[Marxism] Uday Chandra on Vivek Chibber
lnp3 at panix.com
Thu May 9 00:57:15 MDT 2013
(I don't know who Chandra is, but he is a FB friend of John Game, a
scholar of Indian history and politics.)
Uday Chandra: My view is that left critics of poco theory do not need
their own AV. Chibber has, unfortunately, been projected by Brenner,
Anderson, etc, as the Chosen One to slay the dragon of postcolonial
studies. It is even more unfortunate that "enlightenment values" and
"human rights" are being bandied about in this way. And even more so
that Chibber has acted in a way that has pissed many off even as Partha
and others make clever and evasive arguments that avoid the very real
problems with SS.
But coming to the substance of the book, I would like to draw everyone's
attention to pp. 24-25. Here, Chibber highlights the "explanatory
failure" and then the "critical failure" of SS [Subaltern Studies].
Chibber argues that SS "systematically misrepresents the relationship
between capitalism and modernity" by 1) "obscuring the former" and 2)
"denying it altogether." But, to the best of my knowledge, the grand
task of explaining the relationship between capitalism and modernity is
not SS's aim at all. That is Chibber's problem, not theirs or even mine.
SS's aim, as the recollections of Guha and Chakrabarty rightly point
out, was to bring the Thompsonian sensibilities of "history from below"
into conversation with a radical critique of postcolonial Indian state
formation under the Congress-led bourgeoisie. There was a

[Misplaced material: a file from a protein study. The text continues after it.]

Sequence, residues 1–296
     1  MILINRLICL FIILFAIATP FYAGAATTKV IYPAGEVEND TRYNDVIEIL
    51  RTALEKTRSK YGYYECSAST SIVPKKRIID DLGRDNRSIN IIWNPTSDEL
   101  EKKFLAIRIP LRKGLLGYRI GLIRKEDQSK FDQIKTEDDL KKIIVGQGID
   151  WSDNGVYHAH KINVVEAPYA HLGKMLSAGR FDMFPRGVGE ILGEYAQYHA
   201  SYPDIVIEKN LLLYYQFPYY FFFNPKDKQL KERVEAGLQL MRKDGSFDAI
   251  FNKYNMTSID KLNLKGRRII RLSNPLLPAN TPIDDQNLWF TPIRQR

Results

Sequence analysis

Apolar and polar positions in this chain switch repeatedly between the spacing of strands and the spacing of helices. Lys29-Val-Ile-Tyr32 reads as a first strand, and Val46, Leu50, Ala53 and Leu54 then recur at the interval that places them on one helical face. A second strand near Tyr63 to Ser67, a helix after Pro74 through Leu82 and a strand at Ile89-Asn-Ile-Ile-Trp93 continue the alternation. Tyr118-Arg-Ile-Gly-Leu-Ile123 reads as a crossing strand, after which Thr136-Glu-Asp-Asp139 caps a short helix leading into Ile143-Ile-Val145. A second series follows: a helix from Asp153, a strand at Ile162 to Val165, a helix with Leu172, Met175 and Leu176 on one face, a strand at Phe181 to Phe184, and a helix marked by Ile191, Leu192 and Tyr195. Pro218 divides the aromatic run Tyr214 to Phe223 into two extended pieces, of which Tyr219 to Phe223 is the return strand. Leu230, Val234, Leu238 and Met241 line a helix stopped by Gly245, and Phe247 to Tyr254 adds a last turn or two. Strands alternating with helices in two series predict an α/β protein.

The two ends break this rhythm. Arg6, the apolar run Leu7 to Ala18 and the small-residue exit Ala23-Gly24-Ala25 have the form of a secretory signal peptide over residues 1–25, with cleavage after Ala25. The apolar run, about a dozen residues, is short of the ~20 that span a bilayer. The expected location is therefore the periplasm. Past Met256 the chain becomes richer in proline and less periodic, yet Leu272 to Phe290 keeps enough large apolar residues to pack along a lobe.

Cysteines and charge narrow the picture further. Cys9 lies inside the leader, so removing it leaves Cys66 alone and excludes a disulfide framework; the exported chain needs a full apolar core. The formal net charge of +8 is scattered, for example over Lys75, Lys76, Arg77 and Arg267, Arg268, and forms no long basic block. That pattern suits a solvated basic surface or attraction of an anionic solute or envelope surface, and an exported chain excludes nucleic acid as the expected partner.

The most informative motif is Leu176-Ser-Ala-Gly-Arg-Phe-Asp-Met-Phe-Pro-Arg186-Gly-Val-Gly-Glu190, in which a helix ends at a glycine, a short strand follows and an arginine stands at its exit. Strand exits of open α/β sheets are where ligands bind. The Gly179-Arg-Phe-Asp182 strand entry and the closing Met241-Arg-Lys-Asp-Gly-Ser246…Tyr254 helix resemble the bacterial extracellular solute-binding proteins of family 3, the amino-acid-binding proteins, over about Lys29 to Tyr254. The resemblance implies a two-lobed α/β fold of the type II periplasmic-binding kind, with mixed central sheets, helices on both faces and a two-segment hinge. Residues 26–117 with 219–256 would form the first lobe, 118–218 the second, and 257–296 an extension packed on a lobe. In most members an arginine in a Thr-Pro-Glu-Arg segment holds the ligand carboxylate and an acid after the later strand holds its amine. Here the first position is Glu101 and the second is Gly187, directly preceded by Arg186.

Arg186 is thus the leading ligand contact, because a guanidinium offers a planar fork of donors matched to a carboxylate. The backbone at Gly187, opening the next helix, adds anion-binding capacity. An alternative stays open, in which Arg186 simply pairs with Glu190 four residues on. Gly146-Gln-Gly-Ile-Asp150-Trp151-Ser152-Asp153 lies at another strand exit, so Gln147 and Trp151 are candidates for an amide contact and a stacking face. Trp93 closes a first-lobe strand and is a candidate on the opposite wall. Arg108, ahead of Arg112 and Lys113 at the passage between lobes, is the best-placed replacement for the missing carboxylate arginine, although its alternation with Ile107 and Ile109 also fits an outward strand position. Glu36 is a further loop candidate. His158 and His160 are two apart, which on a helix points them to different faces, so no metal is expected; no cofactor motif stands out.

historiographic context and a political context, not the imaginary aims
that Chibber imputes to it.
Several scholars more capable than Chibber have pointed out that Guha,
Chatterjee, etc, misread Gramsci in multiple ways in order to make their
arguments about subalternity. It is also true that the "moral economy"
framework in peasant studies appealed to these scholars as a nice
critique of the then-dominant modernization theory. And, unlike their
Cambridge and Indian counterparts, SS historians largely ignored the
turn away from moral economy in peasant studies. A parallel reading of
the evolution of SS and peasant studies over the 1980s and 1990s will be
instructive in this regard. But Chibber isn't interested in anything so
empirical. He is after Theory, grand, universal, totalizing and macho
(so yes, the gendering is important too). And on p. 10, Chibber
explicitly makes the case for his more masculinist Marxism: "[Their]
Marxism, therefore, is of a particular kind, and would scarcely be